Insurgent tackles a few more big moral questions and also touches lightly and briefly on the subject of God. There is one scene, in particular, that just struck me with its absolute Truth but that could have easily been missed or misunderstood by those who don't share the author's beliefs in God. It contains a simple statement, almost too vague for a Christian, but I thought it was spot-on. Basically, the author, through Tris, declares that whatever happens after we die has nothing to do with us, or at least with our trying. Isn't that the fundamental difference between Christianity and any other belief system? The world believes we have to earn heaven, and Christianity says it is a gift.

I kind of saw the end of Insurgent coming, and it wasn't as big a cliffhanger as I would have liked. However, the third book of the series has a lot of potential to work with, and whether or not you guess the end of Insurgent does not make the book any less of a good one. The whole setting is different from the first, and some might like it less for that. But I think that helps keep Insurgent from being just a repeat of everything we might have loved in the first book. It stands on its own two feet.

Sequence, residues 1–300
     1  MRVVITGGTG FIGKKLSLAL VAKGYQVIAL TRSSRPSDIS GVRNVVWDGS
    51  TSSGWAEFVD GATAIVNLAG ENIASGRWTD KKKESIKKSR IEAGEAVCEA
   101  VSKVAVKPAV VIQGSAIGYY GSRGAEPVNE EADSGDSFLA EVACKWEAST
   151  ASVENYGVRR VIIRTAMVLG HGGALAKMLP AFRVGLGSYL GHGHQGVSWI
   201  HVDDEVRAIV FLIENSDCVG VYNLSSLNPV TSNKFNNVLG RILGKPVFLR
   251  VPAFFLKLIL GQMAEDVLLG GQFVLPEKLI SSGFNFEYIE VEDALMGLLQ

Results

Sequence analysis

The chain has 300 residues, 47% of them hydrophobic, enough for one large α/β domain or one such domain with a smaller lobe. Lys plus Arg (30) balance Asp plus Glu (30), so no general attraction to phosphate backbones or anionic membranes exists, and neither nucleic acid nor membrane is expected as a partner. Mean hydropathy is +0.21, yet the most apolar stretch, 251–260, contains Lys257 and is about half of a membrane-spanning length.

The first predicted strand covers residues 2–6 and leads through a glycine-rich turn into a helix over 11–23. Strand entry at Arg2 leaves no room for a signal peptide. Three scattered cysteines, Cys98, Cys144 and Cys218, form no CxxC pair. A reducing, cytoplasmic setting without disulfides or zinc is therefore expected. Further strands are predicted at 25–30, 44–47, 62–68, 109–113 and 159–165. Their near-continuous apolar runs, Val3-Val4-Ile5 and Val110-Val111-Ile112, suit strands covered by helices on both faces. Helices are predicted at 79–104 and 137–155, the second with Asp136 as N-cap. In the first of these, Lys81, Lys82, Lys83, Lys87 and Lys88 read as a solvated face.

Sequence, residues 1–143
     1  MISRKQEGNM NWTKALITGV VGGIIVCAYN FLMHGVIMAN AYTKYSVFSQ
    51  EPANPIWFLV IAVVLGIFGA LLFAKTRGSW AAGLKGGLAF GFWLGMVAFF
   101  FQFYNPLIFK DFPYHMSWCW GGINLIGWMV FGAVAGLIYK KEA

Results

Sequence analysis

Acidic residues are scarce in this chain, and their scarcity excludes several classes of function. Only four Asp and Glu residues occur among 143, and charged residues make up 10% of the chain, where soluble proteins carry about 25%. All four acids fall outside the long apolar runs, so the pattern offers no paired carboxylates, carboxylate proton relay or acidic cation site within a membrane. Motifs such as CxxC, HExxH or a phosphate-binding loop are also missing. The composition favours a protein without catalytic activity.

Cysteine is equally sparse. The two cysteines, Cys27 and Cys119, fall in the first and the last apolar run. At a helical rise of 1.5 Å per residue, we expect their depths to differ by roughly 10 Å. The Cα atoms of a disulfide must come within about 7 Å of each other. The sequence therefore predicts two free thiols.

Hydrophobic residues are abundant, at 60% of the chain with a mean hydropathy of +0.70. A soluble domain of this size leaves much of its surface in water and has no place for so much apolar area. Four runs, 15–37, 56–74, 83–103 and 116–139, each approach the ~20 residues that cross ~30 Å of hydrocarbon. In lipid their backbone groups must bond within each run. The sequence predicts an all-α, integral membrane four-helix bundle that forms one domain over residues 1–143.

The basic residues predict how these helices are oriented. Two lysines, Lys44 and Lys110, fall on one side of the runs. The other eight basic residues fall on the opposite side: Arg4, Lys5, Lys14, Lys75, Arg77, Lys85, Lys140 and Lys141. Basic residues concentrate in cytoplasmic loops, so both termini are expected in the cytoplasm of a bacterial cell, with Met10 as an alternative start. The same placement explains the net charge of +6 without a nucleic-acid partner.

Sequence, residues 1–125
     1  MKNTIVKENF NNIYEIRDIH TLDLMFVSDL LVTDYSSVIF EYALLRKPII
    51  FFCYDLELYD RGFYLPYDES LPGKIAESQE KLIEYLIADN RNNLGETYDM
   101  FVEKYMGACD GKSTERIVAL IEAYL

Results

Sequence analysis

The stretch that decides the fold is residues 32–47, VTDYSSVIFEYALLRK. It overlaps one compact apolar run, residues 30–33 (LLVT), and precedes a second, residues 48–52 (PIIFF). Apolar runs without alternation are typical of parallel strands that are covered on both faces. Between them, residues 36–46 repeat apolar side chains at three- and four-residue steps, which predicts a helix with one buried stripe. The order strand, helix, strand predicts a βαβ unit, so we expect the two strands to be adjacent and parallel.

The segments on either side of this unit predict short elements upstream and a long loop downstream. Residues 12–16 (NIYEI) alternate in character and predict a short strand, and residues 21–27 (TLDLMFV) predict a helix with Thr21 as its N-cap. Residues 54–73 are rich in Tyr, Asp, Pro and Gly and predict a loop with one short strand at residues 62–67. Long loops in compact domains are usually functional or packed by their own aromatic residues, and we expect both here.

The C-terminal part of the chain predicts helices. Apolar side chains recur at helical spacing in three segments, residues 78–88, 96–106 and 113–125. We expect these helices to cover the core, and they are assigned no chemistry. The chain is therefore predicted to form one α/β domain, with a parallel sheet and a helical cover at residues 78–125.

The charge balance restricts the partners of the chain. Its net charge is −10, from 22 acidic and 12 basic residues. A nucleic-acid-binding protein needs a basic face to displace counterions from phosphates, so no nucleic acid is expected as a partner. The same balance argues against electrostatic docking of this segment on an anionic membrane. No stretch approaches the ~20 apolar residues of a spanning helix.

According to Veronica Roth's website, her third book comes out in the fall, October 22nd! Too bad I raced through the first two and now have to wait! (Hint, hint to my family, it will be at the top of my birthday wish list this year.) Four stars for each of the books in this series, and bravo to one of my new fiction heroes: Veronica Roth!